The species Equus caballus is an astonishingly tolerant species. But the fact that It acquiesces to being walled-up for 23 hours out of 24, allows us to drive nails into its hooves and embed iron rods in its mouth should not be taken as proof that it accepts these burdens without demur or without suffering either short or long-term harm. The problem is that many a rider will happily assert that their horse does not mind the bit because they have not recognized the signs and cause of discomfort that their horse nevertheless exhibits. For 40 years, I was such a person myself. The diagnosis of behavioral stress responses requires study, as does the diagnosis of lameness. The percentage of riders that can use a bit without hurting their horse is vanishingly small and does not justify the use of a device which, in the hands of the general rider, is physically and mentally unacceptable to the horse. No matter how often the FEI mantra is repeated, horses do not ‘accept the bit.’ It is unconvincing to defend the bit on the grounds that a tiny percentage of riders are maestros. This is akin to asserting that everyone can be a sword-swallower.

27. Did you know that all of the problems and resistances that you claim to disappear when a rider switches from bit to bitless would also disappear if a person learned how to fit, hang and use the bit properly?

No, I do not know that and, sadly, neither do I believe your premise to be true. In relation to riders in general, the phrase ‘proper use of the bit’ is an oxymoron, a phrase with an internal contradiction. It is akin to talking about the ‘proper’ use of a bullet or a poison. I agree that a master horseman, with a relentlessly independent seat, the hands of a neurosurgeon and mind of a Buddha can use the bitted reins with such delicacy that he/she may avoid causing a horse obvious pain or distress. But how many such paragons are there and how many years of trial and error did it take them to develop such skill? I am reminded of the advice, ‘No one should be allowed to play the violin who has not mastered it.’ Even if I concede that a bit in the ‘educated hands’ of a master horseman may not damage lips, bars, tongue and teeth (something yet to be shown possible), there still remain reasons why universal bit usage is not acceptable, humane or safe. First, there is the problem of its use and abuse by riders less than maestros, i.e., the vast majority of riders. Secondly, and this is of concern in all disciplines, not just racing, a bit breaks the lip seal of a running horse and eliminates what should be an oral vacuum. The soft palate, no longer vacuum-packed onto the root of the tongue, now obstructs breathing and this in turn leads to waterlogging of the lungs and ‘bleeding.’ In racing and other extreme horse sports, it causes sudden death. Thirdly, bit usage causes avoidable accidents and injuries to riders. Adult riders may knowingly accept the unnecessary risk but children should not be obliged by competition rules to use this dangerous device.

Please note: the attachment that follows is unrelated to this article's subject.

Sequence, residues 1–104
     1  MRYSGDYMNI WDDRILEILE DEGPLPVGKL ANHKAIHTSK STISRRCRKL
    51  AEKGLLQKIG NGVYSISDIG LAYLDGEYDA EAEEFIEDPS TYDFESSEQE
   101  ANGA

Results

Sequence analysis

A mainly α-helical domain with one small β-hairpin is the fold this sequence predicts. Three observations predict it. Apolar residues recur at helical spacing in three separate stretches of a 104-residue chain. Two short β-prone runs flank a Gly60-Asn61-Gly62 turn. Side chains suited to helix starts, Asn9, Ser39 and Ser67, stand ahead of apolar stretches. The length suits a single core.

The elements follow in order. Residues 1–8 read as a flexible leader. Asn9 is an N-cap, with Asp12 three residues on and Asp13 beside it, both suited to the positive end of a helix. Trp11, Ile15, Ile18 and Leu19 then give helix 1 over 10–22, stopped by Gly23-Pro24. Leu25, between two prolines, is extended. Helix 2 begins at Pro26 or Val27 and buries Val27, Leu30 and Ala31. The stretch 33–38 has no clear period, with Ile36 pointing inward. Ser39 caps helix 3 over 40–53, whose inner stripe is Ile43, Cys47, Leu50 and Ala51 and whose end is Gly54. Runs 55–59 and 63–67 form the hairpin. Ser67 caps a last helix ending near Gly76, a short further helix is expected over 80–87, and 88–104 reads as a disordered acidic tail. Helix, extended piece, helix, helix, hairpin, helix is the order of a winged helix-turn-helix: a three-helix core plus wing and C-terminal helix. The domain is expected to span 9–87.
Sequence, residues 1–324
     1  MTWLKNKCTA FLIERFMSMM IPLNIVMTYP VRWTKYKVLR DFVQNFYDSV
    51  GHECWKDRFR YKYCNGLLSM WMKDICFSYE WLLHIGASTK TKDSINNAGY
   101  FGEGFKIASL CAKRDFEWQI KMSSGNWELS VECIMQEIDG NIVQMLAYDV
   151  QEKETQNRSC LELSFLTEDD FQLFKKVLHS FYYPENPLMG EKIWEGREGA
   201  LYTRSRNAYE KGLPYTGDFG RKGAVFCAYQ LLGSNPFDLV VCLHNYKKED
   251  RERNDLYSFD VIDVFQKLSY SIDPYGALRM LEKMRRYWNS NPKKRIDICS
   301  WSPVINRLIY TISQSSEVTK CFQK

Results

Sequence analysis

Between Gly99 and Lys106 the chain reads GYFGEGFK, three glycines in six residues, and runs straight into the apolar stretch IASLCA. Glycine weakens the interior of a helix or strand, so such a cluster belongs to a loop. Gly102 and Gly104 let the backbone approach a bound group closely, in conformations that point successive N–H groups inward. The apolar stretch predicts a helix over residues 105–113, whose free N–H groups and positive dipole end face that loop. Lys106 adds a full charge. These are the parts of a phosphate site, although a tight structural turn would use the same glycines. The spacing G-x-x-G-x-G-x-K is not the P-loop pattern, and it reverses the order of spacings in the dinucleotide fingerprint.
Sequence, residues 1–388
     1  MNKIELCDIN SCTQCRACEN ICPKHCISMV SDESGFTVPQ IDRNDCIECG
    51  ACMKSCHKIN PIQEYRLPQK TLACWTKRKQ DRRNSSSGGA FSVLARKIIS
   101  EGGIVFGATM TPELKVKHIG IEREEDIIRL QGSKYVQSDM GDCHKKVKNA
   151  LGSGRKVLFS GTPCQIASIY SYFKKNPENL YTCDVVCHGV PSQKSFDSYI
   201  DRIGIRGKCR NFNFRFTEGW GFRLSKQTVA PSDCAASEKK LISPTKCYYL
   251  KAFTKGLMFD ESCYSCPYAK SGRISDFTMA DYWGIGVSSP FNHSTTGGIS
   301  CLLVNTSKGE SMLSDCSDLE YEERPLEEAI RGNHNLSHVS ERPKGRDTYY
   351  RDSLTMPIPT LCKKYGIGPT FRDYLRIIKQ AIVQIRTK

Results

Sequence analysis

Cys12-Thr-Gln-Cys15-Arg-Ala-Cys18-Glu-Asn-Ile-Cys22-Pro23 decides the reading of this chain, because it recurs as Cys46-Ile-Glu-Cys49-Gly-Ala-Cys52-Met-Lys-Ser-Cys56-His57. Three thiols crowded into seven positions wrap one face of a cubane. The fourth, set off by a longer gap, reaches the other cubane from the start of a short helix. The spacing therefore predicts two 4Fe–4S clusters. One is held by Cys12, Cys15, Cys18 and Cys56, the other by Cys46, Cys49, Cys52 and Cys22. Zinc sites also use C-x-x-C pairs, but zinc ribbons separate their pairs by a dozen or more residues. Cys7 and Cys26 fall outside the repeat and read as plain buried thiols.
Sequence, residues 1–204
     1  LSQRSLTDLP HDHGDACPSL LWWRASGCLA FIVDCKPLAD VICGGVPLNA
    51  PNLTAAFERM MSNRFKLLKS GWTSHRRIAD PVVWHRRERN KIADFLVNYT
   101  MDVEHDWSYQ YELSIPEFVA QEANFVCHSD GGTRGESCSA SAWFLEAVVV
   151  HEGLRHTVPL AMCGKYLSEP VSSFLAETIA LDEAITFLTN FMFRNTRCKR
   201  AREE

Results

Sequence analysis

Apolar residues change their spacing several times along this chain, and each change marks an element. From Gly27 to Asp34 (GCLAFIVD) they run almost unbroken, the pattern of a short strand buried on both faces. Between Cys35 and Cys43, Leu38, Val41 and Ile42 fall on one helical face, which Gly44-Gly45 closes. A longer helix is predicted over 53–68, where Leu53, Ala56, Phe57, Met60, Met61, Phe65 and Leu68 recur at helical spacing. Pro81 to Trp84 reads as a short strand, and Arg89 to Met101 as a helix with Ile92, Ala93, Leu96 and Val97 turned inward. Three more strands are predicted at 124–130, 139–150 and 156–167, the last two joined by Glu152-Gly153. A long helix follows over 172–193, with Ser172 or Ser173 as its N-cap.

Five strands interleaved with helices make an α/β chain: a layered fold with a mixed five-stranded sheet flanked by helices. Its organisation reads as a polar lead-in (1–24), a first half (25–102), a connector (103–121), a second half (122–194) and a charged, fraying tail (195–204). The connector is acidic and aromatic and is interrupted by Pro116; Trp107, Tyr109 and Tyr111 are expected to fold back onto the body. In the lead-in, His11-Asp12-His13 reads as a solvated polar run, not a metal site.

28. Do you recommend use of the one-rein stop if your horse does not respond to other aids to stop?

Yes. If you are riding bitless you are far less likely to have need of this but a one-rein stop works well when required.

29. What are the advantages of a Dr. Cook bridle over a side pull?

Clearer communication, steering and brakes

30. Is it safe to ride bitless on a trail ride?

Yes, it is safer than with a bit. Being less nervous without a bit, your horse is less likely to spook in the first place. But to illustrate the greater safety of ‘no bit’ let’s compare the sequence of events during a spook, with and without a bit.

If, when bitted, your horse takes fright, he will throw his head in the air, spin and start to run. Unless you are a better rider than average, you will be unbalanced and will instinctively clutch at the reins. In so doing, you will hit your horse in the mouth. From your horse’s point of view, this adds pain to fear. It will confirm his impression that the ‘monster’ is dangerous. As a result, he will pick up speed. Once more, your instinctive reaction will be to haul on the reins. Your horse will experience further lip, tongue and bone pain. In fright and escalating panic he will run even faster. Unintentionally, your rein pressure will draw the bit back in the horse’s mouth and place it between your horse’s cheek teeth. Your horse will eagerly defend himself by grabbing the bit between his teeth. At this point, you have no control and the horse is in charge. So in this emergency, just at the very time when you need the best of control, you have none; no brakes, no steering and a horse in ‘blind’ panic who is not in his right mind and liable to run into standing objects.